We all have our favourites: those unforgettable songs that move us and lodge themselves deep in our hearts and minds.
Great songs are born from the partnership between melody and lyrics.
But there is a good reason why songwriters dedicate so much time to crafting the words that connect with their fans. While a catchy tune will take you far, solid lyrics are essential if you are aiming for greatness.
So, what can we learn from the art of songwriting about crafting messages that connect and inspire, that invite our teams to sing the chorus at the top of their voices?
Here are four elements to keep in mind as you prepare your next communication message, whether it be for a town hall, a team meeting or a video.
Great songs are based on a clear idea
They know what they want to say to you.
Songs with vague ideas and rambling thoughts hardly ever change the world. But those that convey a clear idea people can relate to, have a better chance at repeat plays.
Knowing what you want to say and why you want to say it is the first step in crafting a powerful message. If you want to have an impact, you need to be clear on your big idea before you can convince others of its merit.
But, the truly gifted songwriter not only has a clarity of idea, they also have a deep understanding of their audience and how their idea connects to what their audience feels and needs.
Great songs have structure
There are many ways to structure a song, but in its most basic form songs have an intro, verses, a bridge and a chorus. Each basic element plays a part.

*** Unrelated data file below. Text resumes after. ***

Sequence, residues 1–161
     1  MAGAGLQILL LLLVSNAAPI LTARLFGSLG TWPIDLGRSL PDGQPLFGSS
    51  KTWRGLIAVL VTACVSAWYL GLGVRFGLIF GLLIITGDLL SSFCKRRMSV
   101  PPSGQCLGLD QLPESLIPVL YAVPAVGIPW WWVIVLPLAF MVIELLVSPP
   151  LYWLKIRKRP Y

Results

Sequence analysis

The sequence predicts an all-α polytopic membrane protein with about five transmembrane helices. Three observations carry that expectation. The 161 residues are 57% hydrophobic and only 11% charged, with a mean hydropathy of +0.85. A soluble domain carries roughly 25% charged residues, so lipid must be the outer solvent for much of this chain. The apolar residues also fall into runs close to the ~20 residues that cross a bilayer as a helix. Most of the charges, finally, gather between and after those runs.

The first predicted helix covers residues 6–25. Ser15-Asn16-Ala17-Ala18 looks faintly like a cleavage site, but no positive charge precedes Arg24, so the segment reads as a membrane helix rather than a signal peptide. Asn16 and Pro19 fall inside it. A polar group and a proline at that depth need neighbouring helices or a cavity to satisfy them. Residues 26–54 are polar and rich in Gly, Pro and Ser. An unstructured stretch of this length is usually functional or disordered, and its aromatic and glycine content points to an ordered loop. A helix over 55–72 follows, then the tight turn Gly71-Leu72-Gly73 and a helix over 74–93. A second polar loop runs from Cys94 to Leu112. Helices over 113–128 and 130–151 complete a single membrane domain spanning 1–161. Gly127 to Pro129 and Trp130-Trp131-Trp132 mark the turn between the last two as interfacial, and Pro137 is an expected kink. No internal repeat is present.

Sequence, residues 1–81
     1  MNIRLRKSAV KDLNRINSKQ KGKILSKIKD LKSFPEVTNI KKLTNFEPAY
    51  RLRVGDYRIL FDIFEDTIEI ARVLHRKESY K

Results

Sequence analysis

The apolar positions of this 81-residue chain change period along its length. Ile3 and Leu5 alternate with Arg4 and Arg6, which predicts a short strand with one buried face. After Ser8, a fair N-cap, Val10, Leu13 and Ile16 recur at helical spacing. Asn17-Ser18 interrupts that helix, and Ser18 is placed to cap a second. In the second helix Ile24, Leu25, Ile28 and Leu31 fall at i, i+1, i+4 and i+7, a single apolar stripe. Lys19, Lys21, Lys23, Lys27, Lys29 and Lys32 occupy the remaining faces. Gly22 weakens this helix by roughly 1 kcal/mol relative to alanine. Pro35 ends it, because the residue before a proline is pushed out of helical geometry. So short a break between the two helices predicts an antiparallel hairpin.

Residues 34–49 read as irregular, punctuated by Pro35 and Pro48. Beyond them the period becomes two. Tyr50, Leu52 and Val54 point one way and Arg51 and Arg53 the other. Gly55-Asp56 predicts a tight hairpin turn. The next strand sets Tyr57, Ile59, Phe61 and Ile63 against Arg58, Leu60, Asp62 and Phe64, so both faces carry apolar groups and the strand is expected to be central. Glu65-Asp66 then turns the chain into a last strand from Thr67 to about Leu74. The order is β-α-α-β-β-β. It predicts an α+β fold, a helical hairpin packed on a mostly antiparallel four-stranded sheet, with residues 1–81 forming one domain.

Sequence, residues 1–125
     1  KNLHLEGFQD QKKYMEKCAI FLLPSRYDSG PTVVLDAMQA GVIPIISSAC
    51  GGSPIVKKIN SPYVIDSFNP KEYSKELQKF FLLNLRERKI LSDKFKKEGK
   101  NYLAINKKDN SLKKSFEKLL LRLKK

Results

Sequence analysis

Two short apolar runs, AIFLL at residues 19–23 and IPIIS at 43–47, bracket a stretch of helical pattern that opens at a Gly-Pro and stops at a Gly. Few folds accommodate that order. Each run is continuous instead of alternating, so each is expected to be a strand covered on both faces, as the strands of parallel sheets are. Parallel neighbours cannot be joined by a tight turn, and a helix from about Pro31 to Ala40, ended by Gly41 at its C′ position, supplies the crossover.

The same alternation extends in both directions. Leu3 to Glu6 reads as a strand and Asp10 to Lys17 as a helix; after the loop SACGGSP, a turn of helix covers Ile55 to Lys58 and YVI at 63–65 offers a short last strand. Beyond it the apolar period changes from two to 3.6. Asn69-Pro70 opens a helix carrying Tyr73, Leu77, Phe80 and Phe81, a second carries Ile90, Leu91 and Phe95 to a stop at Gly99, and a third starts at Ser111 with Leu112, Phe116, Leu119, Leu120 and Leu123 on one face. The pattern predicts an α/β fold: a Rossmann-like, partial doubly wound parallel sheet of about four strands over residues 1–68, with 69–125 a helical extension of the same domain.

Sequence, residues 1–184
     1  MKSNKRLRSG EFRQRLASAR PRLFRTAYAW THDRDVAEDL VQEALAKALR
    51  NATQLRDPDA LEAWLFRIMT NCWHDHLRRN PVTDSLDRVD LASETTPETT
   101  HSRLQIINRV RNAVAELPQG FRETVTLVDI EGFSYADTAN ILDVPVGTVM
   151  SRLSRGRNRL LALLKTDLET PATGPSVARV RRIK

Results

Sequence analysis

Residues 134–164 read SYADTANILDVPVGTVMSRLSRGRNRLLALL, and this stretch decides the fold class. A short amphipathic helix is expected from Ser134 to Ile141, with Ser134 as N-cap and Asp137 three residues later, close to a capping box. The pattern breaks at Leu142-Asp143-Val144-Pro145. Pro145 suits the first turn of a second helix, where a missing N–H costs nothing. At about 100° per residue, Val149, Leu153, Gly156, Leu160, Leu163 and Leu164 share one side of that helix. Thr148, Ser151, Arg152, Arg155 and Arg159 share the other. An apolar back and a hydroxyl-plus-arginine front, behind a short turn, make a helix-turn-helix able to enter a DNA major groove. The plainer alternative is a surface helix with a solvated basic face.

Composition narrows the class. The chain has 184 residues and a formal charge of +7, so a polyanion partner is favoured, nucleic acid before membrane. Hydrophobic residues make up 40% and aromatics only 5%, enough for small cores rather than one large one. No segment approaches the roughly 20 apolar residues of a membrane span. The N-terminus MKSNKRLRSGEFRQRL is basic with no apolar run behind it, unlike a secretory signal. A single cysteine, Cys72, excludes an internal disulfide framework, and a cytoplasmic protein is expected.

The intro sets the scene and attracts the audience’s interest. The verses are where we get down to telling the song’s story sequentially, while the bridge indicates a turning point. These elements all build to the chorus, the climax of the song and a summary of its main idea.
A well-structured message makes it easier for people to follow you and brings emphasis to the points you really want others to pay attention to.
Great songs tap into the power of ‘the hook’
The hook is one of the most powerful elements of a great song. It is that attention-grabbing, repeatable and memorable line in the chorus that brings it all together. The hook calls you to action or captures the absolute essence of the song’s idea.
As you plan your message, take time to work on your hook; that killer line that will resonate with your team and stick with them long after your message was delivered.
Simple and relatable language
Great songs have lyrics that are easy to remember, with simple and relatable language. Great songs don’t ramble on in jargon and mostly you don’t need to consult a dictionary to understand why the lyrics speak to you.
Don’t over-complicate your message. Make it easy for your audience to understand what you are saying and to connect with your idea. If you plan on using a metaphor to illustrate a point; keep it simple and resist the temptation of making that metaphor the hero of your song.
Great songs deserve our best efforts
Achieving simplicity and clarity takes effort, but it’s well worth it if you’re aiming for impact.
Taking time to prepare and plan your communication properly will significantly improve your chances of success.
But great songs also deserve and demand great delivery.
If there is anything that can break the potential of a song, it is an insincere and mechanical delivery that disrespects its audience. Being authentic in both your message and its delivery will make your big idea more believable, help people connect to you personally and encourage them to join you in singing your song.